“Apart from the creation of jobs in the provinces, 67 percent of the labor force in these plants were women. That was a very important social issue,” Saladín explained. “Then the multifiber agreement was phased out. Up to that moment, the Dominican Republic had been the second-largest exporter of textiles and apparel to the U.S. after China. Then, after the U.S., Mexico and Canada signed NAFTA, Mexico became the top producer in Latin America.”

Saladín is both an economist and a lawyer, and before being sent to Washington for the first time in October 1999, he was general manager and CEO of Banco de Reservas, one of his country’s largest banks.

Saladín’s resumé also includes stints as the Dominican Republic’s minister of finance (1986-87), governor of the Central Bank (1987-89) and president of the country’s monetary board.

As Santo Domingo’s envoy in Washington, he supported the Caribbean Basin Trade Promotion Authority Act — an extension of the Caribbean Basin Initiative, which was first passed in 1984. He also worked hard to incorporate the Dominican Republic into the Central American Free Trade Agreement, which was eventually ratified by all seven signatories as DR-CAFTA.

Some twin plants — known in Spanish as “plantas gemelas” — still remain in La Romana, but with Section 936 having been abolished by the Clinton administration in the mid-1990s, the focus has changed. No longer one of the world’s top apparel manufacturers, the Dominican Republic has instead become a leading exporter of shoes and medical equipment.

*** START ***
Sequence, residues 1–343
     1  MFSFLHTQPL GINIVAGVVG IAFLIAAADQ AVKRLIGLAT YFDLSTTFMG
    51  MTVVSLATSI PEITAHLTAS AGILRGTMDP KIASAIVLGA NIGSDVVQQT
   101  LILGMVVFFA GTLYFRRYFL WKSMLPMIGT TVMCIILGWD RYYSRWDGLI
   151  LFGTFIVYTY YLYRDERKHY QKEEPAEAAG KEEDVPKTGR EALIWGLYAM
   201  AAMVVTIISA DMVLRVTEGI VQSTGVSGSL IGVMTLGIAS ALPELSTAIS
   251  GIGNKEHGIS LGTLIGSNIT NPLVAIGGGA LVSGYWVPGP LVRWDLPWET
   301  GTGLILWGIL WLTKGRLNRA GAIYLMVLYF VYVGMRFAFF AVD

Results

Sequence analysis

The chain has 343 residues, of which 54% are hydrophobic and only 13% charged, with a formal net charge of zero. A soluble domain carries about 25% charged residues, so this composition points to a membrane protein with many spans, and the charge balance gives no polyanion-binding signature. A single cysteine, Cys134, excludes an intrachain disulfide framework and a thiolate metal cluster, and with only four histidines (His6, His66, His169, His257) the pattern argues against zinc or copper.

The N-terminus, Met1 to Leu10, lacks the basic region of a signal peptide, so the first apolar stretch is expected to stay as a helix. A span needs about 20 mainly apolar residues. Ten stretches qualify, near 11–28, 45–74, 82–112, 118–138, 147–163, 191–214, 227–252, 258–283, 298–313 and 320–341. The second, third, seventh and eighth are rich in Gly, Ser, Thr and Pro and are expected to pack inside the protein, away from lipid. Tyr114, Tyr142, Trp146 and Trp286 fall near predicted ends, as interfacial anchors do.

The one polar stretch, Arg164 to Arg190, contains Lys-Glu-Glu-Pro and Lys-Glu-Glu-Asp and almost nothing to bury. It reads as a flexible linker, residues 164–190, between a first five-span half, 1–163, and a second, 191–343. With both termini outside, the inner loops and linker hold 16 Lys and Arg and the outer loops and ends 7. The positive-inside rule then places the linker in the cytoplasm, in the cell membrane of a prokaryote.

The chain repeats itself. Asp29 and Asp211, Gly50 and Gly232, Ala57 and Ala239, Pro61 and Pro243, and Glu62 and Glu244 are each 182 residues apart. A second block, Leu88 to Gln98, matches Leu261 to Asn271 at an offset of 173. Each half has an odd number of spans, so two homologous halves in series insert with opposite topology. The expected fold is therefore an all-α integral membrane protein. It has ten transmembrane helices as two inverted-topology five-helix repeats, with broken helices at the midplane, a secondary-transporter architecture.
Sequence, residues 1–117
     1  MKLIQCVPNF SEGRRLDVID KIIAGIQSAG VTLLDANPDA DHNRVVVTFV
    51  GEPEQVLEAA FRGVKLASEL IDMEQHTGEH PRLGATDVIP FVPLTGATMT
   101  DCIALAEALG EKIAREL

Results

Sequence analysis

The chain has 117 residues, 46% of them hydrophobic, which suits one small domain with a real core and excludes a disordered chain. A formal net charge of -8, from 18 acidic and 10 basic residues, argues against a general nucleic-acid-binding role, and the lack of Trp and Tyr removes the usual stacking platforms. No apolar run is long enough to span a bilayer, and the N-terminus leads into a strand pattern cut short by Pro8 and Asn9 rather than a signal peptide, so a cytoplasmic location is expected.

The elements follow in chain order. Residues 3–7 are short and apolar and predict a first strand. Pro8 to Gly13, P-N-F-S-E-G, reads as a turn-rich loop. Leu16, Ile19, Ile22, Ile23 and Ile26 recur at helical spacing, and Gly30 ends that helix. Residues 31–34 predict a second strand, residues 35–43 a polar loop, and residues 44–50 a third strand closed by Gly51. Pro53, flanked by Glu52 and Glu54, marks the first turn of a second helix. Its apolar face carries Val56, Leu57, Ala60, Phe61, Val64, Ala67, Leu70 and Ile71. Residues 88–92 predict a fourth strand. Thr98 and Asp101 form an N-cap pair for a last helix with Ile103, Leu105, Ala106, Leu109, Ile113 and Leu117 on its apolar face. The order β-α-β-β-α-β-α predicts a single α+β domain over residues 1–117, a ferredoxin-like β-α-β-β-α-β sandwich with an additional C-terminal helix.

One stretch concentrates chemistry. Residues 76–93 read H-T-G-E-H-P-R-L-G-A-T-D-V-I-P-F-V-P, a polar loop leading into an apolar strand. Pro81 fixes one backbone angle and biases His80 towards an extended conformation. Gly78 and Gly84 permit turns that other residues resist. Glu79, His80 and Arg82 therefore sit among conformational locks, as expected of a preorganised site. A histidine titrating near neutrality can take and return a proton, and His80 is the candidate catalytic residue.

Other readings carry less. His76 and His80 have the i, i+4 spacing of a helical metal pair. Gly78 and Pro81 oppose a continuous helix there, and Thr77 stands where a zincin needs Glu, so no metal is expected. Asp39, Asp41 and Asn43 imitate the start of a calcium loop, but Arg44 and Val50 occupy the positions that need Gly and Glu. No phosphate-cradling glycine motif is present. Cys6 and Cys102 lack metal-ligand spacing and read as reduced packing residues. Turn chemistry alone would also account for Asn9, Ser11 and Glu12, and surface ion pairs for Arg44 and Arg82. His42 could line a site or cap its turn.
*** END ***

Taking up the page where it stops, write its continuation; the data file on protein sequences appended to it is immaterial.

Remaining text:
“The most important force for development in history is international trade. The import and export of manufactured goods has been, is and will remain the link that strengthens relations between countries,” said the diplomat. “The empirical evidence shows that countries open to commerce, without protectionist barriers, have a higher per-capita income in relation to their GDP than countries which maintain barriers to trade.”

These days, the CEI-RD is actively promoting U.S. and foreign investment in the Dominican Republic, particularly along the country’s frontier with Haiti. Some 6,000 people now work in a giant free zone in the Haitian town of Ouanaminthe, making blue jeans and other apparel for the U.S. market under preferential terms.

“For every two jobs created in Haiti, one is created in the D.R.,” he said.

Saladín also helped organize the 5th Competitiveness Forum of the Americas, held in early October 2011 in Santo Domingo, and is planning a hemispheric-wide commercial fair to take place in Washington sometime in 2014. He’s also been active in the annual celebration of New York’s Dominican Week, which honors the 1.4 million Dominicans living on the U.S. mainland and Puerto Rico.

Sen. Bob Menendez (D-NJ), was invited as the night’s keynote speaker but did not attend; nor did Carmen Lomellín, U.S. permanent representative to the OAS.

Among VIPs who did show up: newly elected Gabriela Rosa, who represents District 72 (Washington Heights) as the first Dominican-born woman in the New York State Assembly; former New York congressmen Robert García and his wife, Jane Lee García, and diplomats from half a dozen Latin American nations including Brazil, Colombia, Guatemala, Mexico and Paraguay.